Jay’s paper suggests that corporate lawyers pay too little attention to how other professions approach communication, and fail to seek new ways of presenting content. He likens traditionalism in form in the field of law to the ‘stickiness’ of contract terminology. However, his focus is not only on form, but also how the text is written, what should be included and what could be omitted.
To explore his hypotheses, Jay studied not-for-profit governance documents such as bylaws, board committee charters, board resolutions, and conflict of interest, whistleblower, compensation review, and other policies, as well as additional documents, including annual conflicts disclosure questionnaires, descriptions of board member duties, and board self-assessment questionnaires.
Following his study, he asks whether the readership is sufficiently taken into account, and raises the repercussions of the level of support needed in order to access document content. He suggests changes in content, form and organization, and typographical choices.
In arguing for advances in this area, he cites Frankel and DePace – “[The process of making a visual representation] often leads to new insights into your work; when you make decisions about how to depict your data and underlying concepts, you must often clarify your basic assumptions“.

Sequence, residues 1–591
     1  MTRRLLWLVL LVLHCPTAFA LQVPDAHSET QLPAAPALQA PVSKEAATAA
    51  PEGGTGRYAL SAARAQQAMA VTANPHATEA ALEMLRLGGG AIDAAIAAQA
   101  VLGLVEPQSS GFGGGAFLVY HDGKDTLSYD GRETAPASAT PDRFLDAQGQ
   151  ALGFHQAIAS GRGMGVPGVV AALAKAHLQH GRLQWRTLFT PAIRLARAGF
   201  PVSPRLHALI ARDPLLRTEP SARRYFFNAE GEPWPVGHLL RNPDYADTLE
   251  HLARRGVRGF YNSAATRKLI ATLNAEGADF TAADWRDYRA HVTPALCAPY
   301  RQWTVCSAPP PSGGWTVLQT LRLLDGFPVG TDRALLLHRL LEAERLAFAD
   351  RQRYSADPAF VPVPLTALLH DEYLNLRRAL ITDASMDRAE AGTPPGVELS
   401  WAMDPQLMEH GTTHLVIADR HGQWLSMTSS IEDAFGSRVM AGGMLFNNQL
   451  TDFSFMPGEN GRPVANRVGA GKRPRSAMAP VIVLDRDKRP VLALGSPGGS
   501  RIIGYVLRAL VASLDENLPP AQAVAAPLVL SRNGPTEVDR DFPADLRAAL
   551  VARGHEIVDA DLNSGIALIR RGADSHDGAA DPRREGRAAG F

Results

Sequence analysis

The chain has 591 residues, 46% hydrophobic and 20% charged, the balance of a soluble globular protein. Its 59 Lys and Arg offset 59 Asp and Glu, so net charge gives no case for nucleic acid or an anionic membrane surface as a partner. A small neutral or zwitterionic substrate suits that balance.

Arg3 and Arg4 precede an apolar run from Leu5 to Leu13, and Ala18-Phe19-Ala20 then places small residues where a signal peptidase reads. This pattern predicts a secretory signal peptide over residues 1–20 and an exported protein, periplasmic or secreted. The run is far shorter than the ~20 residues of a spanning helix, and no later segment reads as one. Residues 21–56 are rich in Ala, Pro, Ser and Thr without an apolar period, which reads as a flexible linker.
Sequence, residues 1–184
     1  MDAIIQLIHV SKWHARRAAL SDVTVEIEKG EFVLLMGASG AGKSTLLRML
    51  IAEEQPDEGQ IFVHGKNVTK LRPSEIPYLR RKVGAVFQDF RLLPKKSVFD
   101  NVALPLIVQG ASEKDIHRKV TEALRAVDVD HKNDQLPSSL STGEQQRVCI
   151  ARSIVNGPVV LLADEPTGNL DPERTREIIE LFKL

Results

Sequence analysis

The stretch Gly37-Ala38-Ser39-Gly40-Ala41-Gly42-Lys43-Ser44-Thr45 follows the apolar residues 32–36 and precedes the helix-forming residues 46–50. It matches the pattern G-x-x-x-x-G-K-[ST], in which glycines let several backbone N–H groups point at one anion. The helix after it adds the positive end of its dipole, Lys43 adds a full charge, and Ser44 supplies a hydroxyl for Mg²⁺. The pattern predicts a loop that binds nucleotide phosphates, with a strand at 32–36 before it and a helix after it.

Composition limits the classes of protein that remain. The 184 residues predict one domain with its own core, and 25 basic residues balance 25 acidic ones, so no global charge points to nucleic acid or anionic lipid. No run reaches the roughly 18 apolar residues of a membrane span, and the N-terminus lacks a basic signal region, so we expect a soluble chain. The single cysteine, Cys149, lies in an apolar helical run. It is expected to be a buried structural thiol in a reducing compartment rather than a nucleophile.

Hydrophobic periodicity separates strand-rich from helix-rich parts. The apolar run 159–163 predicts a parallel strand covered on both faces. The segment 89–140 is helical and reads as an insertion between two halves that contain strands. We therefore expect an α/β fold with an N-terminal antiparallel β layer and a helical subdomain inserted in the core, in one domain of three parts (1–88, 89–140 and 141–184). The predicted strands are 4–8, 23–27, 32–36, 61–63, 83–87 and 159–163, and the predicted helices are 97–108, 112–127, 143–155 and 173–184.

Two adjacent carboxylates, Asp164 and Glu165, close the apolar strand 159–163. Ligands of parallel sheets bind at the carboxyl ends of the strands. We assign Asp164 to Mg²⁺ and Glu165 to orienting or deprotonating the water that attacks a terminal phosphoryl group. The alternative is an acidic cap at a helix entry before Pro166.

The parallels with translation here must be obvious to you by now – to use one of Jay’s citations “design, law [and we can insert translation here] share a fundamental purpose – to shape how humans act and interact with each other” (Hagen).
…a stance toward the work focused on the reader and actual user experience, and an attention to typography, to facilitating communicative effectiveness through careful attention to the presentation of text.
The last section of the paper outlines how these ideas could be implemented – document types, action by legal institutions and service providers, as well as within academia.
Let me close with this evocative citation from the paper: “Narrow row houses flush with the street are found not only in urban slums but in the loveliest of the old Italian hill towns and Mediterranean villages. A page of full of letters presents the same possibilities. It can lapse into a typographic slum, or grow into a model of architectural grace, skilled engineering, and simple economy.“.
(Non-)incidentally, Jay practices what he preaches and his article is a great example of how academia as a whole, not just law faculties, could improve access through typography.
I strongly encourage you to read the paper. I am positively sure you’ll find it stimulating and exciting.
Mitchell, Jay A., Putting Some Product into Work-Product: Corporate Lawyers Learning from Designers (September 22, 2013). Available at SSRN: http://ssrn.com/abstract=2325683 or http://dx.doi.org/10.2139/ssrn.2325683
Credit: Many thanks to Ken Adams for the heads-up.